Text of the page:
Newport, R.I. USA (July 11, 2011) – PUMA’s Mar Mostro is not only the second boat across the Transatlantic Race 2011 finish line at The Lizard on the south coast of England (at 05:40 UTC on July 11) but also the current overall standings leader based on corrected time. Skipper Ken Read (Newport, R.I.) and crew completed the 2,975 nautical mile course in 7 days, 11 hours and 40 minutes. After careful calculations, the race committee has confirmed that none of the 24 yachts still racing has a mathematical probability of beating PUMA’s Mar Mostro on corrected time, and they shall be declared provisional winners of IRC Class One and IRC Overall for the Transatlantic Race 2011.
“We entered the race with zero expectations, just like the other IRC handicap racing we’ve done this year,” said Ken Read. “We wanted to learn the boat and the crew. Now here we are in the position of possibly winning a race that we didn’t expect to win. We are pleasantly shocked. We didn’t break anything, the sails held up, the team is certainly coming together, and there’s not a single negative to this race. It was a great experience.”
PUMA’s Mar Mostro reached a maximum speed of just over 30 knots early in the race, traveling 551 nautical miles on day three. By day five, however, light air slowed their pace towards the finish at The Lizard and the last several hundred miles were slow going.
“The finish was excruciating,” said Read as he detailed a bizarre twist to the finish. “We approached The Lizard knowing we had to get there quick because the current was about to change and go against us. As we entered the English Channel the breeze was dying steadily to the point where the current did change. Literally, when the race committee said we were finished, we were stopped and about to throw the anchor as we would have been going backwards with the current. ”
While PUMA’s Mar Mostro is now making its way to the team’s summer training camp in Lanzarote, Canary Islands, Rambler 100, which took line honors yesterday and established a new record with an elapsed crossing time of 6 days, 22 hours, 8 minutes and 2 seconds, has made its way under motor to Endeavour Quay (Gosport, Portsmouth, U.K.) where the 100’ Maxi will be based until competing in the Rolex Fastnet Race next month.
“Puma made it through the windless zone better than us,” said George David (Hartford, Conn.), the skipper of Rambler 100 who was quick to compliment Read and his team. “Maybe they had a better roll of the dice or maybe they just outdid us. PUMA’s Mar Mostro is a 2011-edition Volvo 70 and has a world-class crew, so to just lose out on handicap is not such a bad thing. Our time was the fastest average speed that any monohull has ever crossed the Atlantic Ocean and we have got to be very happy with that.”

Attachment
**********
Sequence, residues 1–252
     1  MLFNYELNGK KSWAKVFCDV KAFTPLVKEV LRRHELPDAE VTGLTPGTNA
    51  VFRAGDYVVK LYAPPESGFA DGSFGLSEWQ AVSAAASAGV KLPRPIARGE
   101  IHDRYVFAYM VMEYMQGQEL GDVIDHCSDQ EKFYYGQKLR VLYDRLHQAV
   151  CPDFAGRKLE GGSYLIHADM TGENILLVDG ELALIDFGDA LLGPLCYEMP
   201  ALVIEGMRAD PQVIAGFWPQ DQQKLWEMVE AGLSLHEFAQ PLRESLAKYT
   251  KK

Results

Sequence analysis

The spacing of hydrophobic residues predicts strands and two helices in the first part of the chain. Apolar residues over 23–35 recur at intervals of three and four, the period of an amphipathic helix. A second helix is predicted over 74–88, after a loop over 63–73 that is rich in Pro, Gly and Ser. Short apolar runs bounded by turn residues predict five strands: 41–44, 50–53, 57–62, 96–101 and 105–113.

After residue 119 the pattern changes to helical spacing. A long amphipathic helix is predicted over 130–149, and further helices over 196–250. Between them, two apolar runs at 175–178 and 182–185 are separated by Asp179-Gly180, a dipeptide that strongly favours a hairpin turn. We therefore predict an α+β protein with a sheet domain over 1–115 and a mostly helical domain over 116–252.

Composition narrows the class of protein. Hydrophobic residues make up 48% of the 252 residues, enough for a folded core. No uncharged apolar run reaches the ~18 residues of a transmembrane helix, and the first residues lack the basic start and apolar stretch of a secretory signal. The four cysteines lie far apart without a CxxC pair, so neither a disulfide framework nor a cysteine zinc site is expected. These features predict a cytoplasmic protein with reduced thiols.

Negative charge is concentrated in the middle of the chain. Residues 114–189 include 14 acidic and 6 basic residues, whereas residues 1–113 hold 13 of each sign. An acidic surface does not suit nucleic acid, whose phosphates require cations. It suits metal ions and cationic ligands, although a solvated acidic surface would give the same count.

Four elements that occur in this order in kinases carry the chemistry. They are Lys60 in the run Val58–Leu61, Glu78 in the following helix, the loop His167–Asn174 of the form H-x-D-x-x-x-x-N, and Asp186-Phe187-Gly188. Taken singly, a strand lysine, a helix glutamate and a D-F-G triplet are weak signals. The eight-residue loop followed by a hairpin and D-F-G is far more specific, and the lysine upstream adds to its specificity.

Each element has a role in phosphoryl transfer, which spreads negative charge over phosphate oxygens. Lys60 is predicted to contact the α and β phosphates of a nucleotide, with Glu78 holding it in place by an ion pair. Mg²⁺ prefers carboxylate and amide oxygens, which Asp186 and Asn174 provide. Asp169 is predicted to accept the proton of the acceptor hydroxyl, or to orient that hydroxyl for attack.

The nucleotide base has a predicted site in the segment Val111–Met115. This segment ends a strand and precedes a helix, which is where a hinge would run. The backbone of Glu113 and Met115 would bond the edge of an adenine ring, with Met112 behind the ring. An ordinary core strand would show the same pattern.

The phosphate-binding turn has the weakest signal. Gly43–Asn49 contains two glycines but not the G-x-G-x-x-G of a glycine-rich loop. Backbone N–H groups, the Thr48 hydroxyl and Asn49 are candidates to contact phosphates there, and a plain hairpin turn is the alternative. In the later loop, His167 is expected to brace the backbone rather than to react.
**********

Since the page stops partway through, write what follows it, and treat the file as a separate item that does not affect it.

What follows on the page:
Meanwhile back out on the North Atlantic where 24 boats are still racing, Jazz, a Cookson 50, has opened up a big lead on the other competitors in IRC Class Two. With 240 miles to go, Jazz expects to get to the finish line early evening Tuesday and have a cushion of about 270 miles over Varuna and Shatki.
“We have cracked sheets after having a light spot during the early hours and then we have been on the wind by mid morning,” said Jazz navigator Mike Broughton (Hamble, U.K.). “The highlight of the morning has been a welcome onto the continental shelf by, at times, an escort of over 40 dolphins. Seeing groups of them speed in from the side at about 30-40 knots, then arc in to parallel our course and slow down on and ride our bow waves is an awesome sight that even the most seasoned sailors never tire of seeing.”
In IRC Class Three, Zaraffa, skippered by Huntington Sheldon (Shelburne, Vt.), looks like a certainty for the class win and has just about 100 miles left to finish the race. Unfortunately, it could take some time yet as there is a complete lack of decent wind in the vicinity of The Lizard, so much so that Zarraffa is now well north of the rhumb line -- in the Celtic Sea -- looking to pick up breeze.
The leading boats in IRC Class Four still have over 500 miles left to race. Carina, the McCurdy and Rhodes 48 skippered by Rives Potts, Jr. (Essex, Conn.), is still leading on the water, but the Army Sailing Association’s British Soldier, with lighter displacement, has made up substantial miles. The British Army crew is 60 miles behind Carina but the new wind is due to fill in from the west and British Soldier should get into fresh pressure before Carina.
In the Open Class, Maltese Falcon was never going to be able to compete with Phaedo in light air. The 289’ Perini Navi weighs 1100 tons, while Phaedo is a mere 17 tons. Phaedo is nearly 200 miles ahead of Maltese Falcon with just over 100 miles to the finish.
As for the two Class 40s, Dragon has started reeling in Concise 2. “We have had one heck of an opportunity over the past 48 hours, riding what has seemed like a private seam of pressure,” said Mike Hennessy (Mystic, Conn.) who is sailing Dragon double-handed with Rob Windsor (East Northport, N.Y.), while Concise has six in crew. “As a result, we have clawed back something like 200 miles that Concise was able to put on us with their brilliant run in the middle of last week. Now comes the tricky bit, as our low pressure catches up to their high pressure. Are we far enough out on the leading edge of our system that it will pull us right up to their stern? How will the passing lanes play out as we cross below Ireland? Will we end up in the same mess they have been wallowing in? Questions to ponder over our oatmeal this very chilly morning.”